In a constantly changing airline industry, there are always some carriers that act as catalysts for wider upheaval. Aviation Week's commercial editorial team has assembled this list of 25 carriers that are the main contenders to fulfill this role in 2013. Many on the list are poised to make major advances that will present new challenges for their competitors, some will influence the industry as they disintegrate, and others are reaching an inflexion point where either outcome is possible. Wherever they fall on that spectrum, these are the airlines that are likely to provide the industry's biggest talking points over the next year.
Delta Air Lines will be in the spotlight in 2013 due to its acquisition of a Pennsylvania oil refinery as a hedge against the widening spread between crude oil prices and jet fuel costs. Airlines will be watching to see if the move really does produce at least $300 million in savings, as the carrier estimates. Delta is also at the forefront of the shake-up in the U.S. regional airline industry, with plans to remove at least 200 of the 325 50-seat aircraft in its network by 2015. Its plans for achieving these cuts should become clear by early next year. Delta drew even more attention last week when it agreed to purchase a 49% stake in Virgin Atlantic, boosting its access to London's Heathrow Airport.
Southwest Airlines acquired AirTran Airways in May 2011, but it will be in 2013 that the real impact of that acquisition will start to become clear. Customers will be able to book single-ticket itineraries by March, connecting Southwest and AirTran networks for the first time, and Southwest is expecting this to significantly boost revenue and give it a competitive advantage. Southwest also faces some new challenges, with CEO Gary Kelly warning that the carrier must respond to the cost-cutting that American Airlines and other competitors have achieved in bankruptcy protection. That raises the prospect of a problem Southwest usually does not encounter: divisive disputes with its labor unions.
American Airlines is likely to emerge from Chapter 11 bankruptcy protection in 2013, but in what form? US Airways is pushing for a merger, but American's management has long stated its preference to emerge as a standalone carrier, focused on high-value business routes from its hubs in Chicago, Miami, Los Angeles, Dallas/Fort Worth and New York. A merger with US Airways would create an airline with a strong presence on the U.S. East Coast and Midwest, Europe and Latin America. American's three unions have thrown their support behind the deal, saying the carrier will not be able to compete with rivals Delta Air Lines and United Airlines without merging with US Airways.
Pinnacle Airlines will be the focus of the U.S. regional airline industry in 2013. Operating under Chapter 11 bankruptcy protection since April 2012, Pinnacle's reorganization will have a major bearing on the future of rivals SkyWest Inc. and Republic Airways, which are both anticipating a sharp reduction in Pinnacle's operations. It is likely that Pinnacle will bear the brunt of partner Delta Air Lines' planned cuts in regional jet requirements, and the carrier has already shed its contracts with other major airlines. There may still be a future for Pinnacle if its pilots agree to an extensive concessions package, although the likelihood is that the carrier will become another victim of consolidation.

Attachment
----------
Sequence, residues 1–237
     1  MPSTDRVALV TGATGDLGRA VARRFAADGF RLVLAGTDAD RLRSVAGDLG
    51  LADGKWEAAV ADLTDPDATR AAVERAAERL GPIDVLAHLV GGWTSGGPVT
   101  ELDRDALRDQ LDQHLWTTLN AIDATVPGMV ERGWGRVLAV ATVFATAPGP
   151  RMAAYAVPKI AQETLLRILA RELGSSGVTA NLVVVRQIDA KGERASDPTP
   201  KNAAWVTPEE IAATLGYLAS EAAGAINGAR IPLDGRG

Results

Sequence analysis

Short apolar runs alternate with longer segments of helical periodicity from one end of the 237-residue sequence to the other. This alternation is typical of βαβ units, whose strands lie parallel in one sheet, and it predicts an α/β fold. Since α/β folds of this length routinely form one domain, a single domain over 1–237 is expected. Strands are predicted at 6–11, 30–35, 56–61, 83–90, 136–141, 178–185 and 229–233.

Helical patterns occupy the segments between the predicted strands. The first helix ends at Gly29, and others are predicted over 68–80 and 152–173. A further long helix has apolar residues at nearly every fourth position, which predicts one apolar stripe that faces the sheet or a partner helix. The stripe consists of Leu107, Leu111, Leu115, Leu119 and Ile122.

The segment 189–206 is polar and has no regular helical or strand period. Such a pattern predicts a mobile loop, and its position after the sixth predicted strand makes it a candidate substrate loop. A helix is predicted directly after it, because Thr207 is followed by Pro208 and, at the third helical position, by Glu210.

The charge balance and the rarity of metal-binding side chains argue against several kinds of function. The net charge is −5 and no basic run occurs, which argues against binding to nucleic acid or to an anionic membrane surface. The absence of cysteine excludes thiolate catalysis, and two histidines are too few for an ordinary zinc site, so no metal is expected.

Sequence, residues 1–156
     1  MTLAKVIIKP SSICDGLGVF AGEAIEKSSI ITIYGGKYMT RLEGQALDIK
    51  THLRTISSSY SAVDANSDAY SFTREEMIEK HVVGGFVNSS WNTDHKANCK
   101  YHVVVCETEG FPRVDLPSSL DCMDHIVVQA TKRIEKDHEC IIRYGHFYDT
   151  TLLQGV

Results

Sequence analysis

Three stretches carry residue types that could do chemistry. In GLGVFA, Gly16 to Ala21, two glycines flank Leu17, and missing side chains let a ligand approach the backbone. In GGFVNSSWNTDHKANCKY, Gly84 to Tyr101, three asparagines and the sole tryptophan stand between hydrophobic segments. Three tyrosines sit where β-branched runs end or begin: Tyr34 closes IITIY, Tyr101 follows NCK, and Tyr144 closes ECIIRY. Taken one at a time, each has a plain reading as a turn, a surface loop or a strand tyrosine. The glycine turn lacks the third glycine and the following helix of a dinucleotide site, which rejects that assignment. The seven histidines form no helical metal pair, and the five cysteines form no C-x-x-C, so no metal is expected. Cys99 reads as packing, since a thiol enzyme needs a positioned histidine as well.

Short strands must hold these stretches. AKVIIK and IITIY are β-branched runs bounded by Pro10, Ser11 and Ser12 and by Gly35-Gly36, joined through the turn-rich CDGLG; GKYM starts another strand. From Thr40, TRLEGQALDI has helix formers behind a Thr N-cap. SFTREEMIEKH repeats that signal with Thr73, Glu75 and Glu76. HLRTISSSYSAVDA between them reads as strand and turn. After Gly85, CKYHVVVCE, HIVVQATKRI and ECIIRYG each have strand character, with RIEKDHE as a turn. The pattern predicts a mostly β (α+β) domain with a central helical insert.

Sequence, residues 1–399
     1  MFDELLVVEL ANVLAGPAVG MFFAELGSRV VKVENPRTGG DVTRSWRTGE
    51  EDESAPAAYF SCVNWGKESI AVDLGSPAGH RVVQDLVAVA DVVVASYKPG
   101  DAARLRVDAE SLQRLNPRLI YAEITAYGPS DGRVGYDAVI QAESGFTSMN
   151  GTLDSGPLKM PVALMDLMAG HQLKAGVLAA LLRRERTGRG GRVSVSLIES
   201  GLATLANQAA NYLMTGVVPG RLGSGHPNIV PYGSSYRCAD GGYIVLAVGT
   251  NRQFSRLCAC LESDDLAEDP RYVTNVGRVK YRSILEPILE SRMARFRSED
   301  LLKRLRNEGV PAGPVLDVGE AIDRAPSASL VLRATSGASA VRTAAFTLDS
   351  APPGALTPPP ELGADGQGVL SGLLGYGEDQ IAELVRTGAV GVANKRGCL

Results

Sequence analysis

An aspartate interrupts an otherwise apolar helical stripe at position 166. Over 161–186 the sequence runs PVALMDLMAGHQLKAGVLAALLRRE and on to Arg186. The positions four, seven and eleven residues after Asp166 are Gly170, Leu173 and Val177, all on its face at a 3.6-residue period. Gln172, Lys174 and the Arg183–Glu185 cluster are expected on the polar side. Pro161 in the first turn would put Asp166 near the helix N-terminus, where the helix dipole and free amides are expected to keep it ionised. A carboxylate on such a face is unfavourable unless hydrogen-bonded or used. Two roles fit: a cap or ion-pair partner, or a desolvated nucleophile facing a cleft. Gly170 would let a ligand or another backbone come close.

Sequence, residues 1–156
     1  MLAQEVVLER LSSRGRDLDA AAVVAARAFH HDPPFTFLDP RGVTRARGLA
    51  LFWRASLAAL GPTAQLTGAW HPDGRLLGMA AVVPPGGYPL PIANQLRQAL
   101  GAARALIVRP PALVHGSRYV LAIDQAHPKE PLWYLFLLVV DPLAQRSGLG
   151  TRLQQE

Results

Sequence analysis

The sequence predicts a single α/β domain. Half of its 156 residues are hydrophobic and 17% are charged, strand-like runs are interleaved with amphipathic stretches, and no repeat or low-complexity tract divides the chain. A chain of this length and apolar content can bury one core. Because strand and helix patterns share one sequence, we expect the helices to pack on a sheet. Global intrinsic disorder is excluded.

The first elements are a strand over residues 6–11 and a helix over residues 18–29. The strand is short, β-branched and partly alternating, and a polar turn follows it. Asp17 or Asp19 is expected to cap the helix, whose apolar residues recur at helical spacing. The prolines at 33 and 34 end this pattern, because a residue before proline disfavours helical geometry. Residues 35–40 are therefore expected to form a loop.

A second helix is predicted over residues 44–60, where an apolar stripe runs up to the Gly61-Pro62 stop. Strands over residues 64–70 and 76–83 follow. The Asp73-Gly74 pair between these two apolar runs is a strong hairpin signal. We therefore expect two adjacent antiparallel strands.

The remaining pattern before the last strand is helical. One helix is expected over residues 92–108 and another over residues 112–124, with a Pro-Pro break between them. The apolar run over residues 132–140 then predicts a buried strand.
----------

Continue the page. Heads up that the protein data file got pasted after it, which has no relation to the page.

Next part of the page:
The coming year will be another period of international growth for Hawaiian Airlines, as it continues to look to Pacific Rim nations for new opportunities. It will launch flights from Honolulu to Taiwan and New Zealand in 2013, and nobody would be surprised to see other new destinations also added. This follows the recent expansion of services to Australia, and new routes to Japanese cities and South Korea. All of this is part of Hawaiian's plan to reduce its reliance on the highly competitive routes from the Western U.S. to Hawaii. The airline will also be looking to increase its coverage of its local market, as it plans to launch a new regional turboprop subsidiary.
WestJet is looking to give Air Canada a run for its money next year. The launch of a new regional feeder operation called WestJet Encore is sure to heighten domestic competition. Encore intends to reach smaller communities, and the carrier says fares could dip 50% below those charged by rivals on comparable routes. Could a price war result? The answer to that will become apparent when Encore launches in the second half of the year. One thing that does seem certain is WestJet's commitment to the venture, with 20 Bombardier Q400s on firm order and options for 25 more. The Canadian low-cost carrier has been vocal about the advantages of Encore over competitors, but it will soon be up to consumers to decide.